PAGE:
Deirdre Collis – Bosca Ceoil

Sound Records SUNCD 46; 45 minutes; 2002


Carmel Gunning - Around St. James’ Well

Sound Records SUNCD 44; 59 minutes; 2002


John Regan - The Slopes of Benbulben

Sound Records SUNCD 43; 51 minutes




Think of the music of County Sligo and it’s usually fiddles (Coleman, Killoran, Morrison) or flutes (Tansey, Horan, O’Donnell and Henry) which spring to mind. Now here are three releases, each by well-established musicians, which offer another important aspect of the local tradition. Deirdre Collis hails from Collooney and possesses the unique achievement of having won All-Ireland titles at all levels on three different instruments (accordion, whistle and flute), as well as being a member of the Owenmore Céilí Band. Bosca Ceoil (“Music Box”) is her debut album, and a fine sample of her musical talents on the accordion, accompanied by a panoply of different pianists. There’s nothing particularly special here, but just an accomplished musician playing a selection of her favourite tunes.



In contrast, the whistler and singer Carmel Gunning, from Geevagh, is better known to Irish audiences, thanks to her first album, The Lakes of Sligo, and regular appearances on TV and radio. Carmel’s latest album is replete with whistling virtuosity and sets her up on the same level as other dab hands on the instrument, such as Mary Bergin and Seán Ryan. Here she’s accompanied by Altan’s Mark Kelly and a couple of bodhrán players, while there are guest spots for one of Ireland’s most sublime pipers, Neillidh Mulligan, and the stunning fiddler from Co. Leitrim, Vincent Harrison. The four songs aren’t half good too.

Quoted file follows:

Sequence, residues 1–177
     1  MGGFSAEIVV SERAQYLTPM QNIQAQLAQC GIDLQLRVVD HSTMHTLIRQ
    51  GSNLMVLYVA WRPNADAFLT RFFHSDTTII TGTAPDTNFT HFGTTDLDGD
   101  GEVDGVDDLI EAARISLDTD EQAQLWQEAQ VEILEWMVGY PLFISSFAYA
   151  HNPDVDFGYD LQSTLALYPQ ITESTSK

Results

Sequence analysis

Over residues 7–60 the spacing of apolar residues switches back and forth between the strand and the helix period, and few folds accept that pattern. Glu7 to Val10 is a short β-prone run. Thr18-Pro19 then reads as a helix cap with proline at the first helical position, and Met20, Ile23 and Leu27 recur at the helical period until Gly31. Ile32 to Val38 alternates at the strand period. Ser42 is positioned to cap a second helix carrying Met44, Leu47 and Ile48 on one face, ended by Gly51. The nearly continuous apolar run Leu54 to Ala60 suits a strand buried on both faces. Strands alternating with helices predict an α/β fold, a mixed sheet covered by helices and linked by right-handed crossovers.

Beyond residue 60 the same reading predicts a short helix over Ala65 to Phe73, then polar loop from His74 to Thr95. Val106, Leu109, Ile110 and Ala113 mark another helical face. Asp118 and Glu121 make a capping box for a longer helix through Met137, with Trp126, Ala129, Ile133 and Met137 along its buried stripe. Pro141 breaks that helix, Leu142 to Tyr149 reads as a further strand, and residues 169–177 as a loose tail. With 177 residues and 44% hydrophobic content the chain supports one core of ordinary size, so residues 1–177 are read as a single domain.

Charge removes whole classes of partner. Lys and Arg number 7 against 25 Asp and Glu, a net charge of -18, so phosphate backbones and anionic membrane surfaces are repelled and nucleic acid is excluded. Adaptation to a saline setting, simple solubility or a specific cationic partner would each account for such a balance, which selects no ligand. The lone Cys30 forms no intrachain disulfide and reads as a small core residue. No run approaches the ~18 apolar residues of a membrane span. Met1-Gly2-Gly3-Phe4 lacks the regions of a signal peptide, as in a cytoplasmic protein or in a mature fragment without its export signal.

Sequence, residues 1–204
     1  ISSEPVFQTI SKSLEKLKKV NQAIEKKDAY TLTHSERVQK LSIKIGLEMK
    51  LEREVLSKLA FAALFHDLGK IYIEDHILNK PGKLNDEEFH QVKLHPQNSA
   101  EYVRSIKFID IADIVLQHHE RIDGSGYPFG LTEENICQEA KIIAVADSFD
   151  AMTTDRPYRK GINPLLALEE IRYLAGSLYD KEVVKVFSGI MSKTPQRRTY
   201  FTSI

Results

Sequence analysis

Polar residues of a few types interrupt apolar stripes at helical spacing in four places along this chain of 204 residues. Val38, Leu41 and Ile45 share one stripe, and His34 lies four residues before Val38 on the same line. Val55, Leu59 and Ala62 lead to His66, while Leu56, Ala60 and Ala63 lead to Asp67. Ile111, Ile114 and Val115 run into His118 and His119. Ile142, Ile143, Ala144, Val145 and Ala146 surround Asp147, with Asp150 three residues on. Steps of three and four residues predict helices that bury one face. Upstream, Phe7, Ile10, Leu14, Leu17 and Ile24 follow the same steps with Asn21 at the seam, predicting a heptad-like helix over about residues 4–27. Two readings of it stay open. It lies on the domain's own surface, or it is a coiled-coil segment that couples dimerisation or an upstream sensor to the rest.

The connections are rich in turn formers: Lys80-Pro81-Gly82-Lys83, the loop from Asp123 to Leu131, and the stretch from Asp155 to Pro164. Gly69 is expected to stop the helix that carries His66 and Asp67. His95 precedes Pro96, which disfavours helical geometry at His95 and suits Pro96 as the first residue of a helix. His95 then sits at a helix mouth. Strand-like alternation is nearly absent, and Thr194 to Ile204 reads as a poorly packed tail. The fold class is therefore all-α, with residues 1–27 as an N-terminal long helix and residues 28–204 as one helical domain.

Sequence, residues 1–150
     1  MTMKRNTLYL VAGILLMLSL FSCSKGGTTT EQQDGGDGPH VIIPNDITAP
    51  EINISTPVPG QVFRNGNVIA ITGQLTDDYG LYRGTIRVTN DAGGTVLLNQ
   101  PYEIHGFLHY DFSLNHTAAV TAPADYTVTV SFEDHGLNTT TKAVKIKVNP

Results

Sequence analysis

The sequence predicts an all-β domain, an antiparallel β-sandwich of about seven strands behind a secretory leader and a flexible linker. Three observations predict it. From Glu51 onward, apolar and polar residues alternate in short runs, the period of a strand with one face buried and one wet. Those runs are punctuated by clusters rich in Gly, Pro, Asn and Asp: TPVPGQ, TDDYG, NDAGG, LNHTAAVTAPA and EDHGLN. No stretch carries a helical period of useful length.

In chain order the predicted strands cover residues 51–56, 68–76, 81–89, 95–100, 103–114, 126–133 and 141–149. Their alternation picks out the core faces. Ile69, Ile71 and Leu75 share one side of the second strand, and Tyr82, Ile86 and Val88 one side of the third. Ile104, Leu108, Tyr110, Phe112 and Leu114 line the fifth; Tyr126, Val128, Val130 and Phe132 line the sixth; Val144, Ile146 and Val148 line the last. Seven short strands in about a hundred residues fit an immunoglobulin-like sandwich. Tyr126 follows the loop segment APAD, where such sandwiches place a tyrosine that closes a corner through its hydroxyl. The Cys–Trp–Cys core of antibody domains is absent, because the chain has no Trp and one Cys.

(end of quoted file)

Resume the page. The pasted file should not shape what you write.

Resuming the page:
Lastly, and probably best known of this triumvirate, comes an album from accordionist John Regan, a long-time Dublin resident well-known in the past for his playing with both Mary Bergin and fiddler Paddy Glackin. The Slopes of Benbulben sees him teamed up with long-time accompanist, pianist Mary Corcoran, and first appeared in 1988 (though the liner note don’t reveal this). Nevertheless, it’s a bouncy set of tunes where John simply lets his fingers do the talking, without fanfare or fuss.


All three albums are available from Sound Records at, but potential purchasers should be aware that the liner notes are minimal and the company employs a proof-reader unable to countenance the concept of an apostrophe.



This review by Geoff Wallis originally appeared in fRoots magazine –



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